In Beller’s cinematic mode of production, cinema and its derivatives are factories in which spectators work: to look is to labor, and workers and spectators, embedded in this structure, merge into the same exploited social actor (Beller 2006). Cinema integrates the logic of Taylorist production and conveyor belt, extending the factory to wherever it travels, but the cinematic type of production is much more intense than the industrial one: here the senses are drafted into production; the media capitalizes upon the aesthetic faculties and imaginary practices of viewers (Steyerl 2009). In this light, cinema parallels Gramsci’s dimension of capitalistic persuasion, challenging the logic of production, circulation, and accumulation. Ford created his own motion picture company, and last month Lucia Morselli bought the movie rights to Sette de denari (Pavanelli 2014), a book written by a BERCO worker about the struggle his factory went through last year, when Morselli was the CEO: similar to the Terni scenario and the same policy of redundancies. The hatchet woman-turned-film-producer has undoubtedly opened up a new frontier of surplus value extraction, but the question is, how can this film represent the factory or the workers’ struggle?
Roberts (2012) points out that the bourgeois culture cannot incorporate its proletarian critique in its own symbolic reproduction, and even if capital is able to expose the violence of class relations as part of its reproduction, it cannot speak for labor. He adds that the representation of the factory begins when the production of value is interrupted; during its dismantling process, the factory doesn’t wait to be represented but dismantled. This could happen through a process of fragmentation and deterritorialization that beings, especially during strikes, just outside the gate in the factory forecourt; the workers overstep the boundary of the protected production sphere and stream the public space, where they are joined by other classes “to transform an economic struggle into a political one” (Farocki 2002). Today this allows the multitude of exploited social actors to produce their own images of symbolic reproduction, recorded with their own cameras often embedded in devices such as smartphones. Following Kücklich’s definition of Taylorization of leisure these e-eyes objects symbols of capitalistic hegemonic persuasion deterritorialize the factory (2005), building the new axiom to look is to “playbor.” These e-eyes could be the right tool to record the shoal of fish, the “multiplicity in movement” taking advantage of these fragmented and deterritorialized “glances” to put together a composite working-class image, like Farocki’s Videograms of a Revolution (1992).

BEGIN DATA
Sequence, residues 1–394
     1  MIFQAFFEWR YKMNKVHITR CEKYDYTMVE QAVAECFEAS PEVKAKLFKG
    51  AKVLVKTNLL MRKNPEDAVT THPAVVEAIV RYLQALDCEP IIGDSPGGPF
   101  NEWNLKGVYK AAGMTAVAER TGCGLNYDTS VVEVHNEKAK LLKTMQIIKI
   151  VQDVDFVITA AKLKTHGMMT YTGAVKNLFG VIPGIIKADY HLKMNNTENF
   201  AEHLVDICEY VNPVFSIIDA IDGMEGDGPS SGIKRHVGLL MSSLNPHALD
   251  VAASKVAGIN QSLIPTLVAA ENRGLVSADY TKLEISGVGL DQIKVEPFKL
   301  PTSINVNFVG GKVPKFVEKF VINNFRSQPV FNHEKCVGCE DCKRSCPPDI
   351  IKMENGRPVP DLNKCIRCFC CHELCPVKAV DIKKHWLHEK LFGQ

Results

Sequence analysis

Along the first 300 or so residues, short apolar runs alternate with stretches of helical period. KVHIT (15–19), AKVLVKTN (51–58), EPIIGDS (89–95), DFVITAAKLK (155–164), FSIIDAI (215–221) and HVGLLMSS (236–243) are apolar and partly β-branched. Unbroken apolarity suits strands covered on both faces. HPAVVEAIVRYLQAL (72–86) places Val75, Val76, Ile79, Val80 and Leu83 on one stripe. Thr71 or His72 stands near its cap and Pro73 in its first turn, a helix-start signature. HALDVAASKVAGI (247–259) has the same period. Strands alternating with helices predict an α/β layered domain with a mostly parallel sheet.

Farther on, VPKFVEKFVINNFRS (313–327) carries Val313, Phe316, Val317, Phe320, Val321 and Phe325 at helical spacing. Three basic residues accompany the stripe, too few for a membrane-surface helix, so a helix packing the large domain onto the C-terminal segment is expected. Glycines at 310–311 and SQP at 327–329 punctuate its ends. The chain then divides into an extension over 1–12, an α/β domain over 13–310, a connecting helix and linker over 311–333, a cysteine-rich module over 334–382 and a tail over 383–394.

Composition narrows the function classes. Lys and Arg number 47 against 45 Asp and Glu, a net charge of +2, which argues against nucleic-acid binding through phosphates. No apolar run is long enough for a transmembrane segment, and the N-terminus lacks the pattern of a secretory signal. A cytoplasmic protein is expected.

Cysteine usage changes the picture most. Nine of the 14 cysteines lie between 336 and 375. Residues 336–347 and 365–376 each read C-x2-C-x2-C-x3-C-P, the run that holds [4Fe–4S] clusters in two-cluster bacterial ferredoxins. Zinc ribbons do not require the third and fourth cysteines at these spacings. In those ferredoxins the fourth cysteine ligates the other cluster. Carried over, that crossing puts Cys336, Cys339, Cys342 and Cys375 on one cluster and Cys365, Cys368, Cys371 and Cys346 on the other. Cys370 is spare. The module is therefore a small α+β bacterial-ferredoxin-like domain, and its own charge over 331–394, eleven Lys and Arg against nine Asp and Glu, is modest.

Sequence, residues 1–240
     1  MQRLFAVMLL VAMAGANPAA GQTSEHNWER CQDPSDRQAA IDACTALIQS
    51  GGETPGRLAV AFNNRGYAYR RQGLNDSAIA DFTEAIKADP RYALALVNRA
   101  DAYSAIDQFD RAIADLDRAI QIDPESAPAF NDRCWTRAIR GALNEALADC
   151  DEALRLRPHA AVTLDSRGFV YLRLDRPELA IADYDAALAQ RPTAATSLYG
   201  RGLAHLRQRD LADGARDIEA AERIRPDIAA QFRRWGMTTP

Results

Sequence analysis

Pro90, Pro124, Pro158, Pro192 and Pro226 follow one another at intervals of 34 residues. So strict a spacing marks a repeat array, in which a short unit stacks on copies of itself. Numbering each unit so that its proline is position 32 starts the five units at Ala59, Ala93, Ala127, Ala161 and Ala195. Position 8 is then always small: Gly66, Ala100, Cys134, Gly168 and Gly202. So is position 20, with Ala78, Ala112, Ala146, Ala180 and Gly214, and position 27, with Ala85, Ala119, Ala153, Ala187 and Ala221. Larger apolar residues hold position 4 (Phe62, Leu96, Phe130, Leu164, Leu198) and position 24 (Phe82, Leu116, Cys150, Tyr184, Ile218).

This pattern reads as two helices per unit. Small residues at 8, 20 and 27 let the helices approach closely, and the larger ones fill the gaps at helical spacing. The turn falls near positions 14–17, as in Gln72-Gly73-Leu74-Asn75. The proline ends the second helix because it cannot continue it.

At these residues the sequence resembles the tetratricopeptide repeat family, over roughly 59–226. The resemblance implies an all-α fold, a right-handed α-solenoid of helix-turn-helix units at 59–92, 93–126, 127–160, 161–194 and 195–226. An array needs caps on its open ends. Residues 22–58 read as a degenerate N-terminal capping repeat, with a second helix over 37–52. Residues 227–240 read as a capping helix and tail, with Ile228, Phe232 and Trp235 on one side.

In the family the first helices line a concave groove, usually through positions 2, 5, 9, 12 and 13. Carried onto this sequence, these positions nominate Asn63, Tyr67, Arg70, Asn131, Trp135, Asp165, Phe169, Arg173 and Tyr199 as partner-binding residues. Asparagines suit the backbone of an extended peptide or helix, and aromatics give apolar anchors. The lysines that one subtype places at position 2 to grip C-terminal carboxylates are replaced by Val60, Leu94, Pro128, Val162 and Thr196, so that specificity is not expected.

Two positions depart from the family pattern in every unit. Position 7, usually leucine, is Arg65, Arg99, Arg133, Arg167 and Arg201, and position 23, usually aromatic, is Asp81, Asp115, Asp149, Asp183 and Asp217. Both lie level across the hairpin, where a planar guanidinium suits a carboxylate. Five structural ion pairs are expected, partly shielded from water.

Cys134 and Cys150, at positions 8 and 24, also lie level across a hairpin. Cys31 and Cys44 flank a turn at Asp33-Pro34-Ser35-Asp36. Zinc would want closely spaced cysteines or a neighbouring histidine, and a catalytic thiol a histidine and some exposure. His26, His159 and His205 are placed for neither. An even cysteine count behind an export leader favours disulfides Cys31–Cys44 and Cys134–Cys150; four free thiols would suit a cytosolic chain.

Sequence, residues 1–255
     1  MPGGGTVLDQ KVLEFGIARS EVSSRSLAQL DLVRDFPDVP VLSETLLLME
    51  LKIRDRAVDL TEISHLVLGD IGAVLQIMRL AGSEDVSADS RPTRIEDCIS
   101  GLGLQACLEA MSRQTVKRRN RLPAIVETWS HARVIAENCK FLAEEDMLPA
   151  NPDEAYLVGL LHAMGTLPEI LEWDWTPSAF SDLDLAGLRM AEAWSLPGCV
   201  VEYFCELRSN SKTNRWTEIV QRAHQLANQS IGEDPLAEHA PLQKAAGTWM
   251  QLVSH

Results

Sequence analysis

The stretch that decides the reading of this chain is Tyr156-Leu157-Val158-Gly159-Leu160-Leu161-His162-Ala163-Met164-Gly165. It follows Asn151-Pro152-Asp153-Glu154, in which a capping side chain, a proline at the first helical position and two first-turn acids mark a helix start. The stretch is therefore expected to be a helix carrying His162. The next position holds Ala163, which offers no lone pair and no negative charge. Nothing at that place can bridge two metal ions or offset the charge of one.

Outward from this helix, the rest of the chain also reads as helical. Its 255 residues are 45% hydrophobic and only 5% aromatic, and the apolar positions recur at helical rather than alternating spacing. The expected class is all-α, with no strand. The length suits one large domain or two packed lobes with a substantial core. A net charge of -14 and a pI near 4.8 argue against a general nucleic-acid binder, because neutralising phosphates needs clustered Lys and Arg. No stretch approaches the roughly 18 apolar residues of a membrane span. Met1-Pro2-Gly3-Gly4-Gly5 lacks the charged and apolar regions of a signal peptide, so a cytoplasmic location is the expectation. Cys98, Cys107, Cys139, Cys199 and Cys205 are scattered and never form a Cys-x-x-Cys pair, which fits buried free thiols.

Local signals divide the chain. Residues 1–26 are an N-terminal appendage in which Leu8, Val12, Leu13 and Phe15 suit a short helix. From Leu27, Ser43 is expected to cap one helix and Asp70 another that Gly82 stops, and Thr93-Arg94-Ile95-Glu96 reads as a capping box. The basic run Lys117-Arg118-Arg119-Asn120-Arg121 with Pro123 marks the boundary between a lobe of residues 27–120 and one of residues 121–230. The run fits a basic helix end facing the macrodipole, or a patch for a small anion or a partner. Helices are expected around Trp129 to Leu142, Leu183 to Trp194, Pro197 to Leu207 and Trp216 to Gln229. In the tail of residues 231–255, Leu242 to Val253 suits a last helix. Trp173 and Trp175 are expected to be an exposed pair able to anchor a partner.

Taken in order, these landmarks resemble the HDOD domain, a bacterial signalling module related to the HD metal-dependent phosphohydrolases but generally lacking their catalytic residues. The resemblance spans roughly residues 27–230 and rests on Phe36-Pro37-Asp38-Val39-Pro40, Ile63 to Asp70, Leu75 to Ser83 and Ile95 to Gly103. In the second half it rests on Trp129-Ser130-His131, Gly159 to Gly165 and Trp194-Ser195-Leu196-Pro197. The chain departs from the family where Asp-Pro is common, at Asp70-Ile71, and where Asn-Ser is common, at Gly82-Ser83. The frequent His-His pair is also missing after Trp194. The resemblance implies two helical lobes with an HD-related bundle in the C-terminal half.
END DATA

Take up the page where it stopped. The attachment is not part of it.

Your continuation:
Matteo Saltalippi is a PhD candidate in visual anthropology at Goldsmiths University of London with a BA in social anthropology and an MA in visual anthropology. He has been involved in documentary production since his BA.